The Manhattan U.S. attorney intervened in a whistleblower lawsuit accusing New York City and Computer Sciences Corp. (CSC) of defrauding Medicaid though computerized billing scams, the U.S. Department of Justice announced.
The defendants allegedly manipulated the system's default settings to compel Medicaid payments for early intervention services to developmentally delayed preschoolers, according to Reuters.
Prosecutors say the defendants rigged the billing system to bypass Medicaid's secondary payer requirement, which states that Medicaid will only pay claims after private health insurance coverage is exhausted. CSC reportedly created a program to apply a default policy number to claims to cause payment denials by commercial payers. This enabled CSC and the city to submit tens of thousands of claims to Medicaid prematurely, which allegedly helped CSC meet the city's targets for Medicaid payments, the announcement noted.
Moreover, CSC and the city reportedly used default programs to file Medicaid claims before private insurers had time to adjudicate them, the DOJ noted. In some cases, the city failed to supply additional information private insurers needed to process pending claims.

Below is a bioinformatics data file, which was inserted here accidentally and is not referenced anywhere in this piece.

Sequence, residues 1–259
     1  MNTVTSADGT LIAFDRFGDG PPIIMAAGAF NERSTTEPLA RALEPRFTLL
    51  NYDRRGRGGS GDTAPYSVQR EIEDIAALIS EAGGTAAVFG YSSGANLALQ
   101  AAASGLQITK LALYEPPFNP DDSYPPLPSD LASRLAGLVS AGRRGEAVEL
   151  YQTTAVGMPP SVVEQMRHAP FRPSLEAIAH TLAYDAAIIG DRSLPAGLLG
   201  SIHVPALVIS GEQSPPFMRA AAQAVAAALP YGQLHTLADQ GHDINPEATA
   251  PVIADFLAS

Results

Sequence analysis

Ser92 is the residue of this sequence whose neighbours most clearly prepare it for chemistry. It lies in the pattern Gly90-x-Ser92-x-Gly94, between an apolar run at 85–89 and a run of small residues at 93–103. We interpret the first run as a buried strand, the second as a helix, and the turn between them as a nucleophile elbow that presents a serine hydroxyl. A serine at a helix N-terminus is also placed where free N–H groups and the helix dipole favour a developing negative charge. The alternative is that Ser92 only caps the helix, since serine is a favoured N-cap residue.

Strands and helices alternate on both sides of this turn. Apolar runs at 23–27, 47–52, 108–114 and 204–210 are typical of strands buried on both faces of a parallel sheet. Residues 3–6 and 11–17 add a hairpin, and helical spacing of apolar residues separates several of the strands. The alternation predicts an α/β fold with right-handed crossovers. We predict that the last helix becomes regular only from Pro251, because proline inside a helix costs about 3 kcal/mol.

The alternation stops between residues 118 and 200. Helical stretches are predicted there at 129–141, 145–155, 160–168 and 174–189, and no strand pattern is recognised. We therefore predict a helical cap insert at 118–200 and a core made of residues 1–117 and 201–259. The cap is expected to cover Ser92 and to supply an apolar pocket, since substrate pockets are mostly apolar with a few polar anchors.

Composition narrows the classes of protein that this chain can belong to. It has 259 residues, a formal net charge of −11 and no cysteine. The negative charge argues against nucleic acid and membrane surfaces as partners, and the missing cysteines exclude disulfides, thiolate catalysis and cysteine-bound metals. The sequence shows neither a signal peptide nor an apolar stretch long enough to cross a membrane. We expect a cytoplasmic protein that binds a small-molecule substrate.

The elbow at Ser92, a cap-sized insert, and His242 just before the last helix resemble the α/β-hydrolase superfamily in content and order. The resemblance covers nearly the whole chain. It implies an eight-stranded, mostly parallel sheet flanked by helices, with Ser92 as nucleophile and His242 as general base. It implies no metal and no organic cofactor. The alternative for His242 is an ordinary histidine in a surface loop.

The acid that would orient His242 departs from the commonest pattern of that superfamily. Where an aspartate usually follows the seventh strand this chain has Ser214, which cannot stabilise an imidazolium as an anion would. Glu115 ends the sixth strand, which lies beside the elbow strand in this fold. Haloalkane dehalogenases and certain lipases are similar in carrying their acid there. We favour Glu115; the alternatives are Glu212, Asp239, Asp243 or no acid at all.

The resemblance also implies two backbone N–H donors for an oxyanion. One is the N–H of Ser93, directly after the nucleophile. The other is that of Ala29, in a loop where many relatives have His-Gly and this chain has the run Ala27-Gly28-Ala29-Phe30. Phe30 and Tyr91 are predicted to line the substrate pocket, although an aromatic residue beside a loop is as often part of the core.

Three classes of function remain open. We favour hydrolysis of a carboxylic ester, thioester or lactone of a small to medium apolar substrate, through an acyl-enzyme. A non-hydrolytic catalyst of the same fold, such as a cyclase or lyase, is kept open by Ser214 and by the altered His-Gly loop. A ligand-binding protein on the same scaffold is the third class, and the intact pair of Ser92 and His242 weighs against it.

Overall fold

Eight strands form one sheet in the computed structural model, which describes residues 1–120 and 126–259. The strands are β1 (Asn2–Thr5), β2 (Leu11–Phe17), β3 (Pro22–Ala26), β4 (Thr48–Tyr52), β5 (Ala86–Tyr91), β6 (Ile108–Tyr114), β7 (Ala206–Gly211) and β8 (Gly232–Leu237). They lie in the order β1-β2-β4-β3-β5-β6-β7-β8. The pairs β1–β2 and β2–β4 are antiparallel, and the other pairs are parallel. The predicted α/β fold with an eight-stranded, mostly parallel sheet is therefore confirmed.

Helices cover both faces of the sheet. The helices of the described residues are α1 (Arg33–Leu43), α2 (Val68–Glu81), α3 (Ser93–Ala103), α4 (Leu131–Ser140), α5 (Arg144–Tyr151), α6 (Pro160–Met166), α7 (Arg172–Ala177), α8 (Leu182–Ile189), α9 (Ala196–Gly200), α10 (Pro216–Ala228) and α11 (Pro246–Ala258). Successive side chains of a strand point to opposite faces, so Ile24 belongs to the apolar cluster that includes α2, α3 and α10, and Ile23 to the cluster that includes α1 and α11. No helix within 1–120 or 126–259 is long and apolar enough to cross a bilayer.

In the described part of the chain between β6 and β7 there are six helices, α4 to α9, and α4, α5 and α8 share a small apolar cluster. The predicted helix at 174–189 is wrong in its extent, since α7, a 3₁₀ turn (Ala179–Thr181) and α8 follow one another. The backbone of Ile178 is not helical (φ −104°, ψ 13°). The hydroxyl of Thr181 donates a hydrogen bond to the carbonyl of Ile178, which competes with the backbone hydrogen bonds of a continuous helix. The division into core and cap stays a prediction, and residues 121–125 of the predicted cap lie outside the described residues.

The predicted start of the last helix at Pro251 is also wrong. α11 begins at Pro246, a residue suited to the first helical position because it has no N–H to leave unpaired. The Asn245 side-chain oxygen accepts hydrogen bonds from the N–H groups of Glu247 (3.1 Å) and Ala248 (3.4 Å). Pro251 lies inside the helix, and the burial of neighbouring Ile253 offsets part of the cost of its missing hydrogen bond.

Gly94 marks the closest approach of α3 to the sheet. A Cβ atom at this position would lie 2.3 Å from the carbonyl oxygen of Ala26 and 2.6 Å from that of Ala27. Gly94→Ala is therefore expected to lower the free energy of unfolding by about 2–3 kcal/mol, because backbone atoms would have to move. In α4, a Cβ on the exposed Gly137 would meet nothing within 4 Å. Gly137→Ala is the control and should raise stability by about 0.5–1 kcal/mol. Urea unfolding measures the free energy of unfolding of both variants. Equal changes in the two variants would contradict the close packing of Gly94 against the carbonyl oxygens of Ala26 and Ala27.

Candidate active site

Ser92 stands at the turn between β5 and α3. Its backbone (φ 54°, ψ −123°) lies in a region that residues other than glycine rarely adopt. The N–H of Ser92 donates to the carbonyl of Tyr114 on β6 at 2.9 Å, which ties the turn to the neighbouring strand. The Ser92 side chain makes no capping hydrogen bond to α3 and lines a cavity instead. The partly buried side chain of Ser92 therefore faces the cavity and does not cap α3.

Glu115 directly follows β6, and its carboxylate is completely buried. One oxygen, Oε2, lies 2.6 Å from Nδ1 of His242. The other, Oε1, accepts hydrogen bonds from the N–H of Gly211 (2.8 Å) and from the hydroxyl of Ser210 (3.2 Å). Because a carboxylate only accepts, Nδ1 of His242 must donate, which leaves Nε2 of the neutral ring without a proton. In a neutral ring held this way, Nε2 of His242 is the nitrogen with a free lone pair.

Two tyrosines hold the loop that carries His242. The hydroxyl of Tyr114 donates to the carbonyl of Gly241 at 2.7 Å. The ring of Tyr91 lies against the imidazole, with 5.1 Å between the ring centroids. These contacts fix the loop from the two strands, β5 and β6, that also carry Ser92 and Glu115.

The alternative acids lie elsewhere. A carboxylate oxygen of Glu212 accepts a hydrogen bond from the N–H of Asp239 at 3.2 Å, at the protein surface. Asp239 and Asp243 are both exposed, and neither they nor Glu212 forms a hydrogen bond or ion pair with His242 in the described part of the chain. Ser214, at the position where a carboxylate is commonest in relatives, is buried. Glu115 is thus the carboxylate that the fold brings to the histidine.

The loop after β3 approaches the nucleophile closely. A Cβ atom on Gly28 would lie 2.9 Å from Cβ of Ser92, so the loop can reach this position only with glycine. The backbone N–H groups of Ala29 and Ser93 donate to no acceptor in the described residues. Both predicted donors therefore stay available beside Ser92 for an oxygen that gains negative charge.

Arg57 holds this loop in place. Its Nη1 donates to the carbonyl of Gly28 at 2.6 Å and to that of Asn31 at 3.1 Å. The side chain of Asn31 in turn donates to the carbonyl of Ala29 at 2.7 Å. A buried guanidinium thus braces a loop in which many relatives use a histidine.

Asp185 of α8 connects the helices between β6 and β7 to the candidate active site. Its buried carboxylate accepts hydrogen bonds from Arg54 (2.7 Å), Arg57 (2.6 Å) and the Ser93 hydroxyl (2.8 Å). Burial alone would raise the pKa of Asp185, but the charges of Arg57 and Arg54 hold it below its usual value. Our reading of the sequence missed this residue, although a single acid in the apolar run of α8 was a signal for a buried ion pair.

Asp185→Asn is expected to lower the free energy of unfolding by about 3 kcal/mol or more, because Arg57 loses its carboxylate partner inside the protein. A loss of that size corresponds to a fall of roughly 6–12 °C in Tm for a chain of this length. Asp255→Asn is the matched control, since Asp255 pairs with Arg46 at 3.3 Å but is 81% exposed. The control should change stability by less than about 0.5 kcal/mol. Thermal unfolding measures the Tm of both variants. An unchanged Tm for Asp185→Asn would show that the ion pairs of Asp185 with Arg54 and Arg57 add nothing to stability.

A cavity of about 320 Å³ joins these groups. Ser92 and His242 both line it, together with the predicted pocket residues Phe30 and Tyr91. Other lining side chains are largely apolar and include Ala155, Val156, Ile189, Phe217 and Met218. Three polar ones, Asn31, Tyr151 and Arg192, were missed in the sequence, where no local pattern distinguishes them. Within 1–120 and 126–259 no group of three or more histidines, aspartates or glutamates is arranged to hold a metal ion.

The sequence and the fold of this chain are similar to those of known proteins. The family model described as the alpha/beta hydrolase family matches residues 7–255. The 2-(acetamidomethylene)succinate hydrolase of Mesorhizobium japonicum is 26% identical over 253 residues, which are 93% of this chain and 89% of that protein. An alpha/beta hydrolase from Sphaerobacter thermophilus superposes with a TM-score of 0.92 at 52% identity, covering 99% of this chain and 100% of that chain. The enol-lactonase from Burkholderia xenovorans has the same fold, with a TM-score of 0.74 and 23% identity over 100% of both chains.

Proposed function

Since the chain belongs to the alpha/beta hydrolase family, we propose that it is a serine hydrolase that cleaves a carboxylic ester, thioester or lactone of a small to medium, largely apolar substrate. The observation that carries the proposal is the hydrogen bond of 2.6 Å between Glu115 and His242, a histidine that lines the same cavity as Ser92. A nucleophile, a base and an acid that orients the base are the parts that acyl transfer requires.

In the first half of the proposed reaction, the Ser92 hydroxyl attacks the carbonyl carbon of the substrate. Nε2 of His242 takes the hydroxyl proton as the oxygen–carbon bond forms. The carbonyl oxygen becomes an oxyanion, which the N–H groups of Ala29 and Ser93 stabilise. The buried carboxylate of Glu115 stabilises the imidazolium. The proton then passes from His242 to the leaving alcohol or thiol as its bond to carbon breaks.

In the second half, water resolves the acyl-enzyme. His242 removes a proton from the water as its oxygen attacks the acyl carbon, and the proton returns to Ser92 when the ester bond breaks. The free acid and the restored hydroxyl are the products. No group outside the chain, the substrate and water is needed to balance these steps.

And in a related scheme, the defendants allegedly changed diagnosis codes used by providers to a generic code CSC knew would result in Medicaid payment, Reuters reported.
"As alleged, CSC and the city created computer programs that systematically and fraudulently altered billing data in order to get paid by Medicaid as quickly as possible and as much as possible," said U.S. attorney Preet Bharara in the announcement. "Billing frauds like those alleged undermine the integrity of public healthcare programs like Medicaid."
Richard Adamonis, spokesman for CSC, told Reuters the company is confident it did not file false Medicaid claims. And Nick Paollucci, spokesman for New York City's Law Department, told Reuters the allegations "involve technical billing issues, not fraud."
New York state plans to bring a related case against Computer Sciences, Reuters reported. New York is one of the states with the highest Medicaid enrollment numbers related to the program's expansion.